Each puddle of water is teeming with life – though the lifeforms contained within cannot be seen with the naked eye. Postdoctoral scientist Dr Sally Warring is researching the genomes of microorganisms called protists at the Earlham Institute at Norwich Research Park. Here she explains why she decided to put protists under the microscope and how they can help broaden our understanding of the complexities of evolution.

Eastern Daily Press: A jar of pond water from will have thousands possibly millions of protists, says Dr Sally Warring Picture: Shawn SimpsonA jar of pond water from will have thousands possibly millions of protists, says Dr Sally Warring Picture: Shawn Simpson (Image: © MoonshineTide)

Each month, those working at the pioneering heart of Norwich Research Park tell us how their work is shaping the world we live in. Read their stories here.

You are a protistologist, what does that involve?

I study the DNA of protists – a group of microscopic, unicellular organisms. They are not bacteria, viruses or fungi but eukaryotic organisms, which have a complex cell structure because they have a nucleus. In fact, humans are made up of eukaryotic cells. I am interested in what protists can tell us about evolution and ecology.

Eastern Daily Press: Pictures: Sally WarringPictures: Sally Warring (Image: Archant)

Protists are everywhere and they are incredibly biologically diverse. They engage in complex behaviours and interact with their environment in interesting ways. Some are hunters, others are prey, some are community builders that create structures like houses and shells, and some even have mating rituals!

We think there are more species of protists than animals but we know so little about them because they are small and therefore harder to study. A jar of pond water will have thousands – possibly millions – of protists.

What have you done to bring your study of protists to life?

Eastern Daily Press: A ghostlike protist Pictures: Sally WarringA ghostlike protist Pictures: Sally Warring (Image: Archant)

During my PhD I was living in New York City and started collecting samples of protists from ponds in Central Park. I photographed and filmed the organisms, building up a catalogue of images and videos of microorganisms which I publish on my social media accounts. I have since collaborated with organisations such as the American Museum of Natural History to make my ‘microbiotic movies’ and documentaries and have also exhibited art installations.

Natural history documentaries basically only focus on animals, which constitute just one branch of the tree of life – but there is much more life on the tree! And when microorganisms feature in natural history content they tend to be shown as either animations or still images. I think that can lead people to think they are not very dynamic organisms when actually they are very dynamic!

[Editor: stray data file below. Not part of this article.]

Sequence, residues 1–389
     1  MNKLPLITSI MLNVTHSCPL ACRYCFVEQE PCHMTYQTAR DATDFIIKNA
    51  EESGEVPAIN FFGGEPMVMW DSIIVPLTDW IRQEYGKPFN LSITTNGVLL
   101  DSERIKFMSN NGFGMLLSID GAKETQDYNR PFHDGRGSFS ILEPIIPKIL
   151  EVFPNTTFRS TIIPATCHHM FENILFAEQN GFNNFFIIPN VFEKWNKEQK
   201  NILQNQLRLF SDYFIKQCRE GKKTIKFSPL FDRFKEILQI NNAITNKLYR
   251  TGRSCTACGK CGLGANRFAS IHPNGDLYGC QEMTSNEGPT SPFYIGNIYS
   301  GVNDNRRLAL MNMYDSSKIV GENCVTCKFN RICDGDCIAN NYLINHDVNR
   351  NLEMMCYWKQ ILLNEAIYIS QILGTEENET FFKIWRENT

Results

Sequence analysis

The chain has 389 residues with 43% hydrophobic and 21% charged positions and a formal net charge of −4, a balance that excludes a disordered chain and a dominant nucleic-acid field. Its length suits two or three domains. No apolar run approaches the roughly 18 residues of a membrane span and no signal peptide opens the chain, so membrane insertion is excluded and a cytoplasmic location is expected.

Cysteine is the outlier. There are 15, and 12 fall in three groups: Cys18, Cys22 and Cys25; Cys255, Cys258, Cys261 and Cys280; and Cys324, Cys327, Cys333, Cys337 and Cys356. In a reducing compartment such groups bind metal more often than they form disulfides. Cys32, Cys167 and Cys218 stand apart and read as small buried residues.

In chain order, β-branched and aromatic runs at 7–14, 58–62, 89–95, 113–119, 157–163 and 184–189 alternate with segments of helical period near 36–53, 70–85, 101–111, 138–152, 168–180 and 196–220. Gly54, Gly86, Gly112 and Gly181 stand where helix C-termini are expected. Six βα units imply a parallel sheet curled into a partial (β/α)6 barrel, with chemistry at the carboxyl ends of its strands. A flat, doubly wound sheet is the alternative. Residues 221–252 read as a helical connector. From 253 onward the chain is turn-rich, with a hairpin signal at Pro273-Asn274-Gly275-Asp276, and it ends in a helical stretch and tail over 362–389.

Did you always want to work in science-based research?

Eastern Daily Press: Montage of green algae Pictures: Sally WarringMontage of green algae Pictures: Sally Warring (Image: Archant)

I was studying history at the University of Melbourne and not enjoying it very much, so I randomly decided to take a course on botany and was blown away by how fascinating it was. I loved taking the knowledge I learned in class and going outside to look at a tree and understanding why the leaves turned yellow.

After completing my undergraduate degree in botany, I did my PhD at New York University in 2011 and became obsessed with free-living protists found in ponds, rivers and oceans. After that I worked with the American Museum of Natural History and earlier this year I came to the UK to join the Darwin Tree of Life Project at the Earlham Institute.

What is the Darwin Tree of Life Project?

Eastern Daily Press: A desmid protist Pictures: Sally WarringA desmid protist Pictures: Sally Warring (Image: Archant)

The aim is to sequence the genome of all native eukaryotic species in the UK. My team is working to develop new technologies to sequence genomes of protists – those grown in the laboratory via cultures and those we isolate from the environment.

The Earlham Institute is one partner in the project along with others across the UK, including the University of Oxford, Wellcome Sanger Institute and Kew Royal Botanic Gardens.

What’s the best thing about working at Norwich Research Park?

It’s a fantastic place to work with people who are pushing the envelope and developing new things in terms of genomics. Researchers at the Earlham Institute have different skill sets, so we can combine computer science and metadata building tools with biology, genomics and photography.

And the pond outside the Earlham Institute is really beautiful, especially when the reeds sway in the wind.

What do you get up to when you are not working?

I meet up with the Norfolk Ponds Project who study and restore freshwater ponds on Norfolk farmlands. I really like ponds! In fact, Norfolk has more freshwater ponds than any other county in England.

My husband and I have a nice house in Whinburgh, near Dereham. We enjoy countryside walking tours going from pub to pub and I’m riding horses again as I didn’t get to do that much in New York City!

Dr Sally Warring is a postdoctoral scientist researching protistology at the Earlham Institute at Norwich Research Park. You can follow her on Twitter @SallyWarring and Instagram @pondlife_pondlife